Ahmadinejad’s Freedom of Speech

On Wednesday the 26th of September the Iranian president Mahmoud Ahmadinejad will address the UN general assembly in New York. While there is no question that he will undertake his usual anti UN/West/USA/Israel-bashing rhetoric, there is a question what angle/s will this bashing take in this instance?
The Iranian president is (in)famous for his speeches in the UN general assemblies. Some of the most controversial statements uttered by him had included – blaming the US for staging 9/11 (as “an excuse for launching attack on Muslim regions”), denying the Holocaust (“a myth”), and championing human rights for gays (“in Iran we don’t have homosexuals”) and women (“more rights than men”).

These sort of outrageous comments were also seen on other stages. For example; he accused the West of hijacking clouds in order to impose drought on Iran, accused the West of spreading HIV in African countries in order to make money from pharmaceuticals, and claimed the West is to blame for Iran’s drug problems.

Although these claims could be considered comical, they do point towards very important issues. First, these farfetched claims show the depth of obsession (even paranoia) of the Iranian regime towards the West/US/Israel. Second, they reflect the attitude of blaming all the Iranian internal problems on the West, without even a hint of introspection. Third, they point towards the incapability of accepting people who hold different values to them.

With Ahmadinejad’s 8th and final address to the UN general assembly coming up this Wednesday many speculate upon the next outrageous claims that will come out of his mouth. He will definitely attack the UN and its agencies for being “defected” and “illogical”, “one-sided”, “undemocratic”, “sabotagers”, “outdated” etc… aiming for no less than an “overhaul of the global management system”.

Based on Iran’s rhetoric at the NAM summit in Tehran last month, Iran views itself as the hero of the Third World countries against the “Imperialist/Colonialist” forces (guess who…), a champion of Human Rights (Iran is “a pioneer” in human rights), the self-designated leader of the nuclear agenda (supposedly peaceful but definitely not transparent) and the visionaries/instigators/defenders of an Islamic Awakening (“this is the century of Islam”).

As usual, all these themes are thoroughly mixed together into one big messy accusation such as this reaction from Khamenei regarding the infamous and racist “Innocence of Muslims” movie: “Behind this evil move lie the antagonistic policies of the Zionists and the US and other heads of the global arrogance…The prime suspects in this crime are Zionism and the US government…Muslim brothers and sisters must know that this desperate move by the enemies in the wake of the Islamic Awakening is a sign of the grandeur and importance of this uprising and heralds its increasing growth.”.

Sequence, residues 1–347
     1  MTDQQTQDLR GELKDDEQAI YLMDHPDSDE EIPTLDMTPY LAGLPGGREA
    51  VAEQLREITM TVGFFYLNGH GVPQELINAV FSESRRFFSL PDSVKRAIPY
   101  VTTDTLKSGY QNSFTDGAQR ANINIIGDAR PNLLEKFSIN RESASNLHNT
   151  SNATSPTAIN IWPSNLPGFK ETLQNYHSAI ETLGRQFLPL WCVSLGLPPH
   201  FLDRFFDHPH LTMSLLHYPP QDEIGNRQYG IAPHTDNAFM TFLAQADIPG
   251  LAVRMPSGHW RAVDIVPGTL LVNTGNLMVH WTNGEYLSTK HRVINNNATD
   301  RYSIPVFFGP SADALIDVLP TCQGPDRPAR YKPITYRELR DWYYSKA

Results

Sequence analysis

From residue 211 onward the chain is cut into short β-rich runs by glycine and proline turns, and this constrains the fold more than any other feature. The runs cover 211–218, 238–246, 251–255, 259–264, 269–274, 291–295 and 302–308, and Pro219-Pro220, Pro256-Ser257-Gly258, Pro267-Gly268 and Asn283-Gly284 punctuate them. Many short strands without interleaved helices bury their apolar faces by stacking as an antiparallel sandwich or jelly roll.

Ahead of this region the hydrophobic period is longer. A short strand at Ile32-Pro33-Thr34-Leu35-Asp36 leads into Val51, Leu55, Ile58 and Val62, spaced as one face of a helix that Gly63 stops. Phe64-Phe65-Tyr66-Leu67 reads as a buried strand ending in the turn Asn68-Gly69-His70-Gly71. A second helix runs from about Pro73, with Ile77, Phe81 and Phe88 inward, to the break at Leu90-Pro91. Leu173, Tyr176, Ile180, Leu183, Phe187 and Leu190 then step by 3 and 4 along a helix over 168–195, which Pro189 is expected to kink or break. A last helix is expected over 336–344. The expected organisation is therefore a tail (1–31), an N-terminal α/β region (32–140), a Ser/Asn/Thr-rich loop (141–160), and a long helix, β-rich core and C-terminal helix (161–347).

The reaction to this movie in the Arab streets is nothing to be scoffed upon; two years ago, during the Arab Spring, Arab citizens took to the streets to topple their tyrants, instill democracy and fight for their freedom. Now they take the streets again, with the same violent fervor, in what could be called the Arab Storm, to hunt down and kill innocent Americans disregarding the basic element of freedom of speech. It is not only ironic, but also profoundly sad, that these protesters have gone from fighting for democracy to denying others from some of democracy’s pivots- freedom of speech and expression.

It is these same freedoms that Iranian leaders abuse to vilify the UN/West/US/Israel in ways beyond the rational imagination. Theses Iranian leaders know full well that no Western/American/Israeli mob will try to attack Iranian Embassies for these hate-speeches. It is precisely because of this knowledge that President Ahmadinejad will allow himself to say whatever he wants regardless of how ludicrous, far-fetched, hate-filled, paranoid or weird it may sound.

We cannot change the Iranian diplomatic strategy, but we can certainly change our reaction to it. We are not calling for a violent reaction to Ahmadinejad’s impending hate speech, rather we should be proud that we react peacefully to such rants. We call diplomats attending the UN conference, and indeed people world-wide- turn your backs on Ahmadinejad’s address, protest his presence in New York, take his accusations seriously and convince as many people as you can to do the same.


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